In a THR study, Busch et al. used a 100 mL mixture of local anaesthetic comprised of 400 mg of ropivacaine, 30 mg of ketorolac, 5 mg of morphine and 0.6 mL of epinephrine [15]. They found that their patients who received LIA, when compared to those who did not receive, had better pain and satisfaction scores, their PCA use was minimised, and their length of stay (LOS) decreased. Krenzel et al. performed a double-blinded randomised control study for patients with TKA that compared a 20 mL solution of 100 mg ropivacaine against 20 mL of saline placebo [16]. They found that patients received LIA had better pain scores and straight leg raise earlier. The systematic review conducted by Marques et al. used a combination of a local anaesthetic (ropivacaine or bupivacaine), ketorolac and epinephrine [17].

The factors that might impact LIA mixture include surgeon and anaesthetist preferences, low BMI, age, comorbidities, and allergies. Pantoprazole, a proton pump inhibitor, offsets the multiple risks that contribute to gastrointestinal bleeding or peptic ulcer disease in the perioperative period. These factors should be discussed and altered pre-operatively, and still enlist fast track protocol.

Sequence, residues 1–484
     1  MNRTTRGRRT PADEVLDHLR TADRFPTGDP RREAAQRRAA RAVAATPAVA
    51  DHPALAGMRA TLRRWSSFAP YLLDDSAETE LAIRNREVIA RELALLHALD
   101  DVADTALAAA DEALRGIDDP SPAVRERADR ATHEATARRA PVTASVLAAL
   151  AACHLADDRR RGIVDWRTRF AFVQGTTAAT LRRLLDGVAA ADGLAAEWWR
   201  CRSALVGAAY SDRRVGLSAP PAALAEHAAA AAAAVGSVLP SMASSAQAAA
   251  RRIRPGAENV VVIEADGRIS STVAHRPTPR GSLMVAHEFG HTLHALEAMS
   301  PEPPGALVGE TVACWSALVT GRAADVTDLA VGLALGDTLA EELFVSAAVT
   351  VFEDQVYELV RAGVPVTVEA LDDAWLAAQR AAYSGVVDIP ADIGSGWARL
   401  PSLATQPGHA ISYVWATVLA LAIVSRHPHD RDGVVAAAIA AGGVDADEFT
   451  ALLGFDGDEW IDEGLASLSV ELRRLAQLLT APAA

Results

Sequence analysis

2.1 Safety of local anaesthetic

Local anaesthetic agents are toxic at certain levels in systemic circulation. With any use of local anaesthetic, care must be taken to ensure LIA mixture is not injected directly into the patient’s circulation. Local anaesthetic will inevitably be transported into circulation at a small concentration. However, it has been shown that the volume of local anaesthetic used in LIA technique is safe, and their levels in blood tests show sub-toxic concentration [18, 19, 20].